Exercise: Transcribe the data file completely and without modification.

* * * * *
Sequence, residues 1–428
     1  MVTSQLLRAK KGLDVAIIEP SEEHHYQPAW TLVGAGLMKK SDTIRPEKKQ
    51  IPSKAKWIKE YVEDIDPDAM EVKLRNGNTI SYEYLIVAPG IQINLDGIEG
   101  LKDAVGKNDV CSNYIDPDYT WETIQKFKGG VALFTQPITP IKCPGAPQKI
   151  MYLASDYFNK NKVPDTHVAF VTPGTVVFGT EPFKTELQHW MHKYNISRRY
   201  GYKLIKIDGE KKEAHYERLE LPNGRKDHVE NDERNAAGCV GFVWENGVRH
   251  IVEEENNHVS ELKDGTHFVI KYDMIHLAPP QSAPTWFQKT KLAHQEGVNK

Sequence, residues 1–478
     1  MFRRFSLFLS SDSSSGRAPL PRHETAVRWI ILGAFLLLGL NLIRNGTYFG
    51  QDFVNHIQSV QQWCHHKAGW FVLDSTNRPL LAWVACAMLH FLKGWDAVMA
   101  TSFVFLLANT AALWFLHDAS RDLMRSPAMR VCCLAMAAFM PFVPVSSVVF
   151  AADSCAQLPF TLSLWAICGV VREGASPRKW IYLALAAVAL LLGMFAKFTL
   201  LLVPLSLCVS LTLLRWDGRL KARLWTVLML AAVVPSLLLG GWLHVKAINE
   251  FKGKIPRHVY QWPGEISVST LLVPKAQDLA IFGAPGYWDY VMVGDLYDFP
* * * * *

Sequence, residues 1–428
     1  MVTSQLLRAK KGLDVAIIEP SEEHHYQPAW TLVGAGLMKK SDTIRPEKKQ
    51  IPSKAKWIKE YVEDIDPDAM EVKLRNGNTI SYEYLIVAPG IQINLDGIEG
   101  LKDAVGKNDV CSNYIDPDYT WETIQKFKGG VALFTQPITP IKCPGAPQKI
   151  MYLASDYFNK NKVPDTHVAF VTPGTVVFGT EPFKTELQHW MHKYNISRRY
   201  GYKLIKIDGE KKEAHYERLE LPNGRKDHVE NDERNAAGCV GFVWENGVRH
   251  IVEEENNHVS ELKDGTHFVI KYDMIHLAPP QSAPTWFQKT KLAHQEGVNK

Sequence, residues 1–478
     1  MFRRFSLFLS SDSSSGRAPL PRHETAVRWI ILGAFLLLGL NLIRNGTYFG
    51  QDFVNHIQSV QQWCHHKAGW FVLDSTNRPL LAWVACAMLH FLKGWDAVMA
   101  TSFVFLLANT AALWFLHDAS RDLMRSPAMR VCCLAMAAFM PFVPVSSVVF
   151  AADSCAQLPF TLSLWAICGV VREGASPRKW IYLALAAVAL LLGMFAKFTL
   201  LLVPLSLCVS LTLLRWDGRL KARLWTVLML AAVVPSLLLG GWLHVKAINE
   251  FKGKIPRHVY QWPGEISVST LLVPKAQDLA IFGAPGYWDY VMVGDLYDFP